Hello MRN folks! My name is Kelli Campa and I am excited to be apart of MRN again this year! I work at SUNY Binghamton as a Resident Director. Originally a California native, I received my Bachelors in Communications from California Lutheran University and my Masters in Higher Education from Iowa State University. In my free time I love to travel (both domestically and internationally), am an avid Netflixer, and hang out with friends.
MRN Advisory Board: Beth John (she/her/hers)
Beth John has been working in higher education for 15 years. She is currently the Director of First Year Experience and adjunct faculty member in the Higher Education Leadership Graduate program at the University of Wisconsin-Whitewater. Beth also serves as a Dissertation Advisor for the Edgewood College Doctoral program in Educational Leadership and a Research Assistant for Roar Enterprises, Inc. Beth received her Ed.D. in Educational Leadership with an emphasis in Higher Education from Edgewood College and her M.S. in College Student Personnel from Western Illinois University. Beth’s primary areas of interest and research include multiracial identity development, diversity and inclusion, first year students, and students in transition. Beth has been actively involved with ACPA for many years and has held several leadership positions within the Commission for Student Involvement, Standing Committee for Multicultural Affairs: MultiRacial Network (MRN), and the Mid-Level Community of Practice. She has been invovled with MRN since 2009 and is a past chair. Beth serves a co-advisor to the first Mixed Race Student Union (mXd) at the University of Wisconsin-Whitewater, which was established in 2015.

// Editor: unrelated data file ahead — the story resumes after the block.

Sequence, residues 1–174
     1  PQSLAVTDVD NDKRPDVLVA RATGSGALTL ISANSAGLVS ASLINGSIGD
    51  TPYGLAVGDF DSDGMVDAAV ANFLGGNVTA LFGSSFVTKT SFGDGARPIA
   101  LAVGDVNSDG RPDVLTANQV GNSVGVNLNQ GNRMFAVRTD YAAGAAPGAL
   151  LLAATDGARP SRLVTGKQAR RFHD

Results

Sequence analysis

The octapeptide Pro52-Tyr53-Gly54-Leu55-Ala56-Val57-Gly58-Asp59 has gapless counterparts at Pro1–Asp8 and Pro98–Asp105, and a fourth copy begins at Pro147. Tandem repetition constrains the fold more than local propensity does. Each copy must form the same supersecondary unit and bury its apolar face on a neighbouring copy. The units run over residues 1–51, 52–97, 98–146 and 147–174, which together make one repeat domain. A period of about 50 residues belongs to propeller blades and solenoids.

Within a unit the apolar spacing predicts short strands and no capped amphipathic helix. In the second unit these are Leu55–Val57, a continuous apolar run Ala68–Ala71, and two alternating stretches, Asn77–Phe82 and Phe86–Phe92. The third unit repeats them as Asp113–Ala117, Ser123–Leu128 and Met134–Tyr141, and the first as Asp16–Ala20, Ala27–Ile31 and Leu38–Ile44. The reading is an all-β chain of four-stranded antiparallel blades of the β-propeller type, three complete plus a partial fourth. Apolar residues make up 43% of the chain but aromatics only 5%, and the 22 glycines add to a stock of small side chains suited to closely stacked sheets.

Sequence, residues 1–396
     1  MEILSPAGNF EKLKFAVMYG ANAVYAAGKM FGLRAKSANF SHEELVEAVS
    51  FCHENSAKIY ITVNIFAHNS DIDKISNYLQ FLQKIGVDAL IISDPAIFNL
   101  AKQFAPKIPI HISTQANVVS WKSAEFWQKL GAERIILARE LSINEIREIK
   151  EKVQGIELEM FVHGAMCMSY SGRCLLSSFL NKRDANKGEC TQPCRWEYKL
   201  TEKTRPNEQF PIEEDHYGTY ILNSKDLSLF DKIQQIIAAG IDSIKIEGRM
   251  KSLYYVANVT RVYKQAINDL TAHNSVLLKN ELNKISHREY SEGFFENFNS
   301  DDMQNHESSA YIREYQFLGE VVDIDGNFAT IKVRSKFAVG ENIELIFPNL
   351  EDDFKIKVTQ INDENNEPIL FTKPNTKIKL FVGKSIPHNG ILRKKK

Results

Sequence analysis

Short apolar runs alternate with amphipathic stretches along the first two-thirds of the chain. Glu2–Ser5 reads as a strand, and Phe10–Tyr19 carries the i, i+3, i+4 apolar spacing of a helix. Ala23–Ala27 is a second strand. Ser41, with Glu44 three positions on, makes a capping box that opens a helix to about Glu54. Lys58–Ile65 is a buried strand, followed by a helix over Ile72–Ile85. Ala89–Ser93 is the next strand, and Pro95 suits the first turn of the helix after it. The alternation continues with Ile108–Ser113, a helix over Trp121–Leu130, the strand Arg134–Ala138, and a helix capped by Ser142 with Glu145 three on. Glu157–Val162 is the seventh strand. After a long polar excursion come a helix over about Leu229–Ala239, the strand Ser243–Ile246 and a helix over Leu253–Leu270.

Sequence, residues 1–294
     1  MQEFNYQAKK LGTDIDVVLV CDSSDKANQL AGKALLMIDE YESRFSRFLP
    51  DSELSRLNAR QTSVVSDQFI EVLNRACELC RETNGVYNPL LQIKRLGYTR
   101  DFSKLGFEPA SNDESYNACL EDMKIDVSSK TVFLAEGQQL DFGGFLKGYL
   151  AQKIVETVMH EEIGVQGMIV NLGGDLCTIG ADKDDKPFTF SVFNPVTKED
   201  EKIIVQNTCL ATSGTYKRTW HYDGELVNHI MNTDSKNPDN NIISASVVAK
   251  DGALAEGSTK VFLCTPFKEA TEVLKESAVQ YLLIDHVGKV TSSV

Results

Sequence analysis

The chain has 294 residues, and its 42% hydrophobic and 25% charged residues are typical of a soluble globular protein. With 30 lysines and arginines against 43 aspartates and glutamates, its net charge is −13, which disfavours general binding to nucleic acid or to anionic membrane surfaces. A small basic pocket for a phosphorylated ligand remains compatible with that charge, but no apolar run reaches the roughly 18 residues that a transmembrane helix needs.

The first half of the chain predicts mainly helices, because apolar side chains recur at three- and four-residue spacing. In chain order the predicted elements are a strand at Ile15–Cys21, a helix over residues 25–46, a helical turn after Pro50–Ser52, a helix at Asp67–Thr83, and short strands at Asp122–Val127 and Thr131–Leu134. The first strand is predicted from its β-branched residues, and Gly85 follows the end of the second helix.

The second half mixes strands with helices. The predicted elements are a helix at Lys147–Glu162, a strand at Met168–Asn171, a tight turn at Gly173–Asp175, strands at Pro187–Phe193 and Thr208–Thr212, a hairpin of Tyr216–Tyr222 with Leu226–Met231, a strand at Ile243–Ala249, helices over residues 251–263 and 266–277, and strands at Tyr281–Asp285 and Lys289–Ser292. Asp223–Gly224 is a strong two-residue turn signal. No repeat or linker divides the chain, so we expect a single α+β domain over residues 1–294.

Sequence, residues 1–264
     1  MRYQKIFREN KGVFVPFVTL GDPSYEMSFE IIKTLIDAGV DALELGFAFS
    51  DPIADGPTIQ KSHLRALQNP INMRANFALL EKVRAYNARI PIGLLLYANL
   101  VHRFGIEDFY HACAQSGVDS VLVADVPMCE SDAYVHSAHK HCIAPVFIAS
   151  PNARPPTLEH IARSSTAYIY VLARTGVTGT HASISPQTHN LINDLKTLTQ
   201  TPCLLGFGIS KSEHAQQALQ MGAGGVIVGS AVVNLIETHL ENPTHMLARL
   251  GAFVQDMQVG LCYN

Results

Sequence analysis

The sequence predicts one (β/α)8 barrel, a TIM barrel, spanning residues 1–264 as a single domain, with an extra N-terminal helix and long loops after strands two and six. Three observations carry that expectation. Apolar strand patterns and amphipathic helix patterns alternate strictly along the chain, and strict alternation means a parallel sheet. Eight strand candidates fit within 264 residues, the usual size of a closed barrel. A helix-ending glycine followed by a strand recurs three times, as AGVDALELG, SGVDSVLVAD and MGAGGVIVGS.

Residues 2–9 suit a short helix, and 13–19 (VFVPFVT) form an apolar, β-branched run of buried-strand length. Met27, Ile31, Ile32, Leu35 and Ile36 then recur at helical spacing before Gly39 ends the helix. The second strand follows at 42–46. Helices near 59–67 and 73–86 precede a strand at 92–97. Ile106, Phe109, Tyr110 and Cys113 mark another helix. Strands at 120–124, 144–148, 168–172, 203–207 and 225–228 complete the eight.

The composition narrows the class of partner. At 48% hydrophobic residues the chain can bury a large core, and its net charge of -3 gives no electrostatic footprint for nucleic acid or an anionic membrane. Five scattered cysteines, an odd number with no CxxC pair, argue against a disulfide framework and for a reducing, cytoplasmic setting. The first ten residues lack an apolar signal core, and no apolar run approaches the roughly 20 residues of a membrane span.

Identity development is cyclic, contextual, and complex. It is never set or static, and facets of identity can be salient at different times, in a variety of places, and triggered by certain events.
Over the past two months, my family and I have navigated personal, professional, and political transition from California to Minnesota. For those folks who know me, my life is in a constant state of transition, which causes perpetual reflection, interrogation, and processing what it means to navigate daily tasks with the identities I hold. Just when I thought I had a firm grasp on my race, gender, ability, class, sexuality, and the intricate intersections of my narrative, I have found myself humbly re-learning and exploring my politic as a queer, cisgender, mostly-able bodied, Multiracial, Asian, womxn of color.
Transition is nothing to joke about.